1911 Encyclopædia Britannica/Avallon
|←Avalanche||1911 Encyclopædia Britannica, Volume 3
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AVALLON, a town of central France, capital of an arrondissement in the department of Yonne, 34 m. S.S.E. of Auxerre on a branch of the Paris-Lyon railway. Pop. (1906) 5197. The town, with wide streets and picturesque promenades, is finely situated on a promontory, the base of which is washed on the south by the Cousin, on the east and west by small streams. Its chief building, the church of St Lazare, dates from the 12th century. The two western portals are adorned with sculpture in the ornate Romanesque style; the tower on the left of the facade was rebuilt in the 17th century. The Tour de L’Horloge, pierced by a gateway through which passes the Grande Rue, is a 15th century structure containing a museum on its second floor. Remains of the ancient fortifications, including seven of the flanking towers, are still to be seen. Avallon has a statue of Vauban, the military engineer. The public institutions include the subprefecture, a tribunal of first instance, and a communal college. The manufacture of biscuits and gingerbread, and of leather and farm implements is carried on, and there is considerable traffic in wood, wine, and the live-stock and agricultural produce of the surrounding country.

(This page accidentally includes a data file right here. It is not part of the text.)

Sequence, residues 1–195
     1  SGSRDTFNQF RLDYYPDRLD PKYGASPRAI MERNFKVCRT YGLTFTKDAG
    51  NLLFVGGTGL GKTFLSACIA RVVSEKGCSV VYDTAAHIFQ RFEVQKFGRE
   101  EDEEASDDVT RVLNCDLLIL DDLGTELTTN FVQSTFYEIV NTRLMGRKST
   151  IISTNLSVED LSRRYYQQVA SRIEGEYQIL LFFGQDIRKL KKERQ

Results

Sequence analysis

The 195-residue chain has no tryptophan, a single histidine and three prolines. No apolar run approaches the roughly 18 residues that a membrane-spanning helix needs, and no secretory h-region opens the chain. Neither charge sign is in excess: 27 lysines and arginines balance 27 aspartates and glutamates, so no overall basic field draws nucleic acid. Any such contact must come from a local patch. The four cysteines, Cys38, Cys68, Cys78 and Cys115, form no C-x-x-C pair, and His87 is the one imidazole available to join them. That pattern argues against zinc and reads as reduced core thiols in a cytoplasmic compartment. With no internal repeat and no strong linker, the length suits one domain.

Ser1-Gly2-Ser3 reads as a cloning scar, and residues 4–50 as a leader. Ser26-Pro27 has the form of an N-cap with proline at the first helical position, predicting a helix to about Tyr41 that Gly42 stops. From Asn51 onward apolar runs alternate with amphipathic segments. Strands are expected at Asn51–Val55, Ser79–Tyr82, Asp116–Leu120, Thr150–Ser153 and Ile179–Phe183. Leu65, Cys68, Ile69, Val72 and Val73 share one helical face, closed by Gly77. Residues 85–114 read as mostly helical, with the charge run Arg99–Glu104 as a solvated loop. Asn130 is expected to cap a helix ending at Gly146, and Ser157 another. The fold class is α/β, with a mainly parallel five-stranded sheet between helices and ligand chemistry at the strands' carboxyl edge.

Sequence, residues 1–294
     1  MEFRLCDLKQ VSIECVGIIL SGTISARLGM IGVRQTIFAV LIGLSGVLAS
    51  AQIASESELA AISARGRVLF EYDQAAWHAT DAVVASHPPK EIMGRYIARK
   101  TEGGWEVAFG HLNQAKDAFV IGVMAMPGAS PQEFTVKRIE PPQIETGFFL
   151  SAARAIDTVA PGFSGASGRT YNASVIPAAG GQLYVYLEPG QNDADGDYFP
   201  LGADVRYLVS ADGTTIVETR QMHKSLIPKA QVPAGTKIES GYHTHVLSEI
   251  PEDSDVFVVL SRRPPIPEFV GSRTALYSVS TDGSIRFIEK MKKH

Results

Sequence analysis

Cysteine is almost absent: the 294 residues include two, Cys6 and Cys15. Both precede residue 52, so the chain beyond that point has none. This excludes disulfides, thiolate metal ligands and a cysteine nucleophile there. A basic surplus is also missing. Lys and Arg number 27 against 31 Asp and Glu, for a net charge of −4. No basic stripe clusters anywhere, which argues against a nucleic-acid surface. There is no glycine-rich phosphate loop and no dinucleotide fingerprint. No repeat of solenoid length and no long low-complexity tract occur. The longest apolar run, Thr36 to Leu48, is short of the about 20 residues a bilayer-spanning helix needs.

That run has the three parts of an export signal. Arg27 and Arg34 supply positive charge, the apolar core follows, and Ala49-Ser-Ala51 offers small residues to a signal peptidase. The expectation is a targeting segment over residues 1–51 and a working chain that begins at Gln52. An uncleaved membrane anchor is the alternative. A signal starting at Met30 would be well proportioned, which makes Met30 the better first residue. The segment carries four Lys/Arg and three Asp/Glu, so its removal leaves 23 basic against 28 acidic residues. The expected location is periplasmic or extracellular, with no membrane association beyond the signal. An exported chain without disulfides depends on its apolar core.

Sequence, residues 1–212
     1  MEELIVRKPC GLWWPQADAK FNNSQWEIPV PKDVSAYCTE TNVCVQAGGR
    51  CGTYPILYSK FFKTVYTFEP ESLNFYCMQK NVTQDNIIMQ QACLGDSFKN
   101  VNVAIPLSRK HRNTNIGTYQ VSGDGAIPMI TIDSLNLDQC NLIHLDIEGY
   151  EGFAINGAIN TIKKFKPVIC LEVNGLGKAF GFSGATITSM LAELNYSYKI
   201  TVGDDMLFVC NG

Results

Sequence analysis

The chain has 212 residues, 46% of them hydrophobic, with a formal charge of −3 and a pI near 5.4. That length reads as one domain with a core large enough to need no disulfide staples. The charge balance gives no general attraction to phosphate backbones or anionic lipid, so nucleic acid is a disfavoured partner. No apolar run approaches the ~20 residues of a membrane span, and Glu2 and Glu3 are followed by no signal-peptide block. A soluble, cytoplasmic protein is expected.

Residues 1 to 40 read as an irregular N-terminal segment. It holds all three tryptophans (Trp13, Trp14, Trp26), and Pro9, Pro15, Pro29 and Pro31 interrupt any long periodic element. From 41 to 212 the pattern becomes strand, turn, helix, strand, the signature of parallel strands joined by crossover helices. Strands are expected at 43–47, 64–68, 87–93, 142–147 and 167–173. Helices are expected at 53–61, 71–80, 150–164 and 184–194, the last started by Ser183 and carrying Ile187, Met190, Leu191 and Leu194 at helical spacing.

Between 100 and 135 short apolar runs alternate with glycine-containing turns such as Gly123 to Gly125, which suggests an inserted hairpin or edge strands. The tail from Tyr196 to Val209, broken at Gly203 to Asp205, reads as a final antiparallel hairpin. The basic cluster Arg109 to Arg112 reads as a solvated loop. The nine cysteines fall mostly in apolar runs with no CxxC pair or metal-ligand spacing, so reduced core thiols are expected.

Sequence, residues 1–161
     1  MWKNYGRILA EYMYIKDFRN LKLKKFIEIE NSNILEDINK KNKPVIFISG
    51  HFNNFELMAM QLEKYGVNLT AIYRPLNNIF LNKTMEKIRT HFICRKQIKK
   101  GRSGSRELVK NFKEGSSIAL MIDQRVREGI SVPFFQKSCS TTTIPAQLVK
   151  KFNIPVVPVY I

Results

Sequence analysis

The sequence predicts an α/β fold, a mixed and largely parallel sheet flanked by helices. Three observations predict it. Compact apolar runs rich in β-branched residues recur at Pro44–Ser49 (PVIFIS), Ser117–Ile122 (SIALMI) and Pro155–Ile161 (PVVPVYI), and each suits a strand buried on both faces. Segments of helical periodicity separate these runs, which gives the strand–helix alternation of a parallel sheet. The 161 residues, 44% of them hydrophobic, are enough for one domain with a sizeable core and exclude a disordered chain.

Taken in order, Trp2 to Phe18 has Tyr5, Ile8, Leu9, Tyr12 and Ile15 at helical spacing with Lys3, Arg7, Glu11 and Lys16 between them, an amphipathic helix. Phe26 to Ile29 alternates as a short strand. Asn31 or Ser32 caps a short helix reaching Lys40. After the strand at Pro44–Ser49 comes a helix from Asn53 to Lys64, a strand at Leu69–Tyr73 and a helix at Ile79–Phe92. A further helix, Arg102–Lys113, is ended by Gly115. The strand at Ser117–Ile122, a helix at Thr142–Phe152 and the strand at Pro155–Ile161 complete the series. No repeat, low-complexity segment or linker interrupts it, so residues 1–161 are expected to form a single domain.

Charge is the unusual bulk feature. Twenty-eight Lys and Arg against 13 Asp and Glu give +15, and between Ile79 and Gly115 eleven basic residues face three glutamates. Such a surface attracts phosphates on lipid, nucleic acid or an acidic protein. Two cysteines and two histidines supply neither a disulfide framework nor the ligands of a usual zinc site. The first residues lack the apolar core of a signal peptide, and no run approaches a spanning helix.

Avallon (Aballo) was in the middle ages the seat of a viscounty dependent on the duchy of Burgundy, and on the death of Charles the Bold passed under the royal authority.